So, how can you know whether a trade (or consumer, etc.) show is a good investment? How can you make the most of the investment once you’ve committed to exhibit?  We’ll be posting a series of 6 tips that will help you navigate the murky waters of decision-making as relates to exhibiting. Here’s tip #1:

Tip 1. Set your Goals

These are the main questions you ask and answer before you decide to participate in a particular show:

1. What is it you hope to accomplish?
What is the reason for your attendance at this (or any) show?  Do you want to launch a new service? Sell a product? Get your corporate name recognized? Build your database? Increase your prospect database? Define your main goal? Take time to consider and determine the one main goal of your attendance.

Caution: more than 3 goals dilutes focus – and ultimately success – at any event.  Keep it simple!

2. Who is it you are interested in reaching?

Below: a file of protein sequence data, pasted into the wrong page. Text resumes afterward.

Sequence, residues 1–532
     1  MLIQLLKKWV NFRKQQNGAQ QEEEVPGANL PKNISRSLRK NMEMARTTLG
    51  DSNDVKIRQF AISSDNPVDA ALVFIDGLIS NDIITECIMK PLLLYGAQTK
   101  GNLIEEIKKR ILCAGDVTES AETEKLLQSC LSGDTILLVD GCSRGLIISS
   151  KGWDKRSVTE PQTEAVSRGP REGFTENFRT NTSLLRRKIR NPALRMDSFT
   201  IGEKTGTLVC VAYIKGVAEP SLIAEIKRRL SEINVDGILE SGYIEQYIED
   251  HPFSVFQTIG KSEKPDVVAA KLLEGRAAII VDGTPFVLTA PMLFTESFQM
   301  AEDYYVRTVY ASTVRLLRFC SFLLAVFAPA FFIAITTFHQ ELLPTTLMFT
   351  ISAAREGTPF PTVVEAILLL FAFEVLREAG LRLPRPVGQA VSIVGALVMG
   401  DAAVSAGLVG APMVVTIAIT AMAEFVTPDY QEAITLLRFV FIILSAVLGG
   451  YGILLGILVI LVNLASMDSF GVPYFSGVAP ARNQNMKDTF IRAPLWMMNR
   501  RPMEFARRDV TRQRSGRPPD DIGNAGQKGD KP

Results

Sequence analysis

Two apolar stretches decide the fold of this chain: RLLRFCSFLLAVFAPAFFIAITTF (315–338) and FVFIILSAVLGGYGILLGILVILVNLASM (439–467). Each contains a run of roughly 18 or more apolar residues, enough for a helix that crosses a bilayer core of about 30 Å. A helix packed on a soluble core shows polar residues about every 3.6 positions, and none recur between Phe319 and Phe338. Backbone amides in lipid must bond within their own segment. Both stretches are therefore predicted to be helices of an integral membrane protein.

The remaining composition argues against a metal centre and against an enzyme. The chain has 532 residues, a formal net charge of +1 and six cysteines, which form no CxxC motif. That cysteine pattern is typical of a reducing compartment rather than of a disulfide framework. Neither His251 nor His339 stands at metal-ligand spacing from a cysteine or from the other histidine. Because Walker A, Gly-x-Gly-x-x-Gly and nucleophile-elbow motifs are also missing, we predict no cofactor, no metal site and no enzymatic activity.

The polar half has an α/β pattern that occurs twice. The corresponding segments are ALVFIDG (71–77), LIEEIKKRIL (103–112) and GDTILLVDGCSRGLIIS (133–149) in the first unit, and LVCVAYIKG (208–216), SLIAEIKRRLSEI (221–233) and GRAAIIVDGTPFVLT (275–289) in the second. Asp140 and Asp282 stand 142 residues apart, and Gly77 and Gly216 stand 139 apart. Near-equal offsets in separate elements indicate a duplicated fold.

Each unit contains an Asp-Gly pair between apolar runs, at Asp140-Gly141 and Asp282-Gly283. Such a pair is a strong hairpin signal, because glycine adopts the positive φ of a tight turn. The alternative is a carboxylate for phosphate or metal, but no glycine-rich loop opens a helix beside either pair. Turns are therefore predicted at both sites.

Define your demographic clearly.  The more succinctly your market is defined or profiled, the more targeted and effective your message will be.

Generally, for consumers, statistics of location of residence, age, gender, income bracket, etc., are basic starters on profile. For more depth, add lifestyle categories that will help you be more particular targeting (e.g. if you sell auto insurance, your profile might include categories about owning a vehicle, including type of vehicle, number of vehicles in the family, etc.). Other lifestyle categories could include recreational activities and hobbies; children and age ranges of same; vacationing habits; and any descriptors that are relevant to your service or product, or to your ideal client.  For business, industry segment, level of management, size of business by revenue or by number of employees are some of the profile foundation categories.

Ultimately, the depth of the profile is built in on understanding the challenges your prospect faces that your product/service will help overcome. Take the time to develop this profile. It is a critical piece of your success.

3. Where is your audience?
Define the geographic territory. Does the show reach the prospects close to home? Is it easily accessible?

4. When do you expect your message to be delivered?
Define your timeline (eg. 1 year, next week? )

5. Why do you believe a show is the best way to do this?
Clearly define your expectations of a show.

The answers to these questions will help determine the event in which you invest.